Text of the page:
Two years after its founding, i.e. in 1886, the Gymkhana club got its first businessman (or boxwallah as men of that ilk were known) in the Hon. John Alexander Boyson.
The Boysons had a long association with Madras. JA’s father, JR Boyson had been solicitor to the Government of Madras and then in 1863, become one of the founders of the National Bank of India (later a part of Grindlays and now Standard Chartered Bank). The local agents for the bank were Binny & Co, whose Managing Partner, RO Campbell was also one of the Directors of the bank, besides being President of the Bank of Madras. Campbell and the Boysons were related by marriage and it is perhaps no wonder that JA joined Binny. When Campbell retired from Binny in 1871, JA succeeded to his share in the partnership. He was to be with the firm for a record 50 plus years.
It was during JA’s (or Boyson as we shall now refer to him) tenure as one of the senior partners that Binny got into the yarn business, an area in which it will forever be remembered. The Buckingham Mills came up in 1876 and the Carnatic Mills in 1881. In between, in 1877, the Bangalore Steam Woollen Mills were set up. In 1882, this became the Bangalore Woollen, Cotton and Silk Mills Co. Limited. In 1903, Binny went into coal mining and in 1905 it became the local agent for Burmah-Shell, setting up a vast storage facility at Royapuram. This was to be a convenient target for the German ship Emden in 1914. Under Boyson, Binny pioneered the introduction of electricity and trams into Madras.
But all was not rosy. It was also during Boyson’s tenure that Binny experienced two of its greatest crises. The first was its disastrous venture into sugar, begun in 1897 thanks to a desire on the part of Boyson and his junior GL Chambers to rival Parry. The Deccan Sugar and Abkhari Company was set up and was soon bleeding money hand over fist. By 1902, Binny was in dire straits. It was left to Parry to step in and buy the loss-making unit from Binny. Boyson, who had left Madras by then for London, with a view to managing the office there prior to retirement, had to come back. Chambers had conveniently gone off on a cruise and someone had to hold the fort.
And then in 1906 came the Arbuthnot Crash, which saw the going bust of one of the biggest business houses of the city. Arbuthnots, which had also been into banking as were Binny and Parry, went down with the savings of several thousand depositors. Confidence in British business houses was at an all-time low and soon there was a run on Binny. Boyson was the man on the spot and he worked at lightning speed.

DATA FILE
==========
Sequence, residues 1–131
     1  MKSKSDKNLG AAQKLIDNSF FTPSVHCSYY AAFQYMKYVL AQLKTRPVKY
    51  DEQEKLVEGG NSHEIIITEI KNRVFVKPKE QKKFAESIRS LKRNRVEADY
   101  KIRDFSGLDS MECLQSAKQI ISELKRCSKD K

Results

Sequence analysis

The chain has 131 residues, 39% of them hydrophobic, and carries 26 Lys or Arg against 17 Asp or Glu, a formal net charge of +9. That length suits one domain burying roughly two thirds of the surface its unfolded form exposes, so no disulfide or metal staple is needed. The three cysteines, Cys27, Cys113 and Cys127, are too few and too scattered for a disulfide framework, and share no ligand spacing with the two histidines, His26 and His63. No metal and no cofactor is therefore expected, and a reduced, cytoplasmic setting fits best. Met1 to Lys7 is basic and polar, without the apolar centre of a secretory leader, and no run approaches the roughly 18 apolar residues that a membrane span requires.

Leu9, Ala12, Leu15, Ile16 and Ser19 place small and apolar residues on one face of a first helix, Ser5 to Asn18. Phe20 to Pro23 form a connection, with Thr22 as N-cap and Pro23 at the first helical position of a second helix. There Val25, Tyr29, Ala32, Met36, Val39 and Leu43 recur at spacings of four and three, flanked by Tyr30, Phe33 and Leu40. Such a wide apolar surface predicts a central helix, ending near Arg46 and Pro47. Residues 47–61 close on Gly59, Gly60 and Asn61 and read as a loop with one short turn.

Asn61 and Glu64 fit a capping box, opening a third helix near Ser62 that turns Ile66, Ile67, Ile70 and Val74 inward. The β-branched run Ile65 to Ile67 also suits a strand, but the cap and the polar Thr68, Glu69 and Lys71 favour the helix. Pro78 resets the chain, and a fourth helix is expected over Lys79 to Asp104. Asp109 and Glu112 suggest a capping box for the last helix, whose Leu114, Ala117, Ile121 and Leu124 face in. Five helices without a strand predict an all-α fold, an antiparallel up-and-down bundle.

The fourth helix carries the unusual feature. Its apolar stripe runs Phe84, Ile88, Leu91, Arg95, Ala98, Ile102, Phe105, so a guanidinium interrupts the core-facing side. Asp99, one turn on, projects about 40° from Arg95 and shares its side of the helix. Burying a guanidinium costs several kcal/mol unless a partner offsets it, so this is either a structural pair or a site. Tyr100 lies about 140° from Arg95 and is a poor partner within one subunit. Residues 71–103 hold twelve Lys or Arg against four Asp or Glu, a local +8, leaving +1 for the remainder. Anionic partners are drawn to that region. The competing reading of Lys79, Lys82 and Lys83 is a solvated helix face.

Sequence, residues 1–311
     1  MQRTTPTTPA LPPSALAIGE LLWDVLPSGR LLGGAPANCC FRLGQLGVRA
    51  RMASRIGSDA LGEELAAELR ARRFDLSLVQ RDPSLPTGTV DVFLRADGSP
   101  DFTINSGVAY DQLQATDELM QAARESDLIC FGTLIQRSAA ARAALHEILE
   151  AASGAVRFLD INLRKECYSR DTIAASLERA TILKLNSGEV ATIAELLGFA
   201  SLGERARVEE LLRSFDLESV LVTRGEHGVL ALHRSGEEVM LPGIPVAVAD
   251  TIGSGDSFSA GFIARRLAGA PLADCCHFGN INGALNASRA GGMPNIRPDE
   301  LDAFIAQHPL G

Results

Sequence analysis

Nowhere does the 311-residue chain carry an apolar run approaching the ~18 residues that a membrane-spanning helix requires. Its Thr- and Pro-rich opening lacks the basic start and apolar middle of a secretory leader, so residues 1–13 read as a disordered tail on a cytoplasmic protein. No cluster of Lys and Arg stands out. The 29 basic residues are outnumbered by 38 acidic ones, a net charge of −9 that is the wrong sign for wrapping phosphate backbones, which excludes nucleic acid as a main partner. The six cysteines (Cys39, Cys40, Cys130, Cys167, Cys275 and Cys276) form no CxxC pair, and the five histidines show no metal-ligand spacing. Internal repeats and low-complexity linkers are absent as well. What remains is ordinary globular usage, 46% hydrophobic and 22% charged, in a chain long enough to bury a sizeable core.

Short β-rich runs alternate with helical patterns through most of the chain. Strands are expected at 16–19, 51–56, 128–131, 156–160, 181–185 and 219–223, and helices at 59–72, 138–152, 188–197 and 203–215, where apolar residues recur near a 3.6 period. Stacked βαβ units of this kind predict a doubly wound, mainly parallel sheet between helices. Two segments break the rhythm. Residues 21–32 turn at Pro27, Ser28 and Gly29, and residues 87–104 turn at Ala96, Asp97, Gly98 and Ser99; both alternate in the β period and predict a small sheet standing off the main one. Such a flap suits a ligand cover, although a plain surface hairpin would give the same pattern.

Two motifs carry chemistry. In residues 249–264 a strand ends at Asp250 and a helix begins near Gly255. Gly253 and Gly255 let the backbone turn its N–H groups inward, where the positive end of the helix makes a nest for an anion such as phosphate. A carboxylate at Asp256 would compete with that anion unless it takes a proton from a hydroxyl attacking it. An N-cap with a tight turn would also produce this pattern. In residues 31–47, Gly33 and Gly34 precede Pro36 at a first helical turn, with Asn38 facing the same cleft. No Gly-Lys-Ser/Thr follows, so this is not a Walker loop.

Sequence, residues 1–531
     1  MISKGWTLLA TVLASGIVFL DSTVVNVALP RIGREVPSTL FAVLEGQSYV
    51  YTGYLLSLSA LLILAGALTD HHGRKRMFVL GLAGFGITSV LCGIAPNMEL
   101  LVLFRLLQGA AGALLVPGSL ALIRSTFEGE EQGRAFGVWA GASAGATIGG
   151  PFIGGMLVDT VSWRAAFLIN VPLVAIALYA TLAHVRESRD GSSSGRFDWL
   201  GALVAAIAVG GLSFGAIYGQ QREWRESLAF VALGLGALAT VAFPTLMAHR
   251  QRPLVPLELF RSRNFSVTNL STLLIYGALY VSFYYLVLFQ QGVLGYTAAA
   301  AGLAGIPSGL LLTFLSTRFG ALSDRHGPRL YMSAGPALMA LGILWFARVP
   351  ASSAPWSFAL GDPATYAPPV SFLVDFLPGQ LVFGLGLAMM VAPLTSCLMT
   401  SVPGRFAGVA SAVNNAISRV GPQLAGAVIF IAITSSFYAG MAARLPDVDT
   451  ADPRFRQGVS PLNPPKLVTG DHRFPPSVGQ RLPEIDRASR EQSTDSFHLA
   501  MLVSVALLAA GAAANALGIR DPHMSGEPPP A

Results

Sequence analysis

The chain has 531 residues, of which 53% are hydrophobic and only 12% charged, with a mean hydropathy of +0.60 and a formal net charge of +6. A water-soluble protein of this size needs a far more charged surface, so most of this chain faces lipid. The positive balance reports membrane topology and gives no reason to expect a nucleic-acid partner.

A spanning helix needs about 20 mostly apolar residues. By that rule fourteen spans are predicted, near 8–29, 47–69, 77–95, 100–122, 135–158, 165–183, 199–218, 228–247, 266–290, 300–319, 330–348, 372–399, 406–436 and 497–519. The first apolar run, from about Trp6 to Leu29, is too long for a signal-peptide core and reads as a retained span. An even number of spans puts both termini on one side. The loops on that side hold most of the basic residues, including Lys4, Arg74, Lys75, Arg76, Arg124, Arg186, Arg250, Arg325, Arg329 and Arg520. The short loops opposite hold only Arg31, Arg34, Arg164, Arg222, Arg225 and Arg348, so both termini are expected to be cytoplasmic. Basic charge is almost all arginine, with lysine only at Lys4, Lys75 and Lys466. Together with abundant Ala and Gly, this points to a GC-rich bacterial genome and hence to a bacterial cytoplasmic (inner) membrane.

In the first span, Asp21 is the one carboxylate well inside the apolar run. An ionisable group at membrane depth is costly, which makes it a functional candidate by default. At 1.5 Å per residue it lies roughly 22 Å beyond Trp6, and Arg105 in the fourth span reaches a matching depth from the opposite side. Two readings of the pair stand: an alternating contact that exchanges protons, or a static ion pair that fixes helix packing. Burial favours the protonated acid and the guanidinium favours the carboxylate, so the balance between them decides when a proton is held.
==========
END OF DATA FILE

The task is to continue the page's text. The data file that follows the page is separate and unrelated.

Maintaining continuous telegraphic contact with London, Boyson and his partner CB Simpson first tried organising a local guarantee put together between the Chartered Bank, the National Bank, the Mercantile Bank, Best & Co and Wilson & Co. When this failed, he turned to British India Steam Navigation one of whose directors was James Lyle Mackay, later Lord Inchcape and founder of the Inchcape group of companies. Negotiations followed and the Inchcape group agreed to acquire and restructure Binny.
Following this, on 31st October 1906, the old firm of Binny & Co went into voluntary liquidation. And on 16th November, it resurrected, now as a private limited firm under the Inchcape group. Boyson’s partnership in the old firm was now worthless and he was practically ruined but being a Scot, he cannily managed to make himself and Simpson the Madras managers of the new firm at 3500 pounds a year plus 20% of the net profits. He prospered thereafter. In 1911 he became the only Director in India for Binny. He was knighted in 1914 and that year returned to England where he remained a Director at the London office till his death in 1926. His son John Charles Boyson became a Director of Binny in Madras and remained one till 1934.
Boyson was active in Madras society. He was Chairman of the Madras Chamber of Commerce in 1889/90 and also 1893/94. He fought for the laying of a broad-gauge Madras-Vijayawada railway line, which eventually came to fruition. He was a Director on the Board of the Bank of Madras and an active member of the Madras Musical Association founded in 1864 and still going strong. Boyson was also evidently an active clubman for he presided over the Madras Club the same year that he was overlord at the Gymkhana!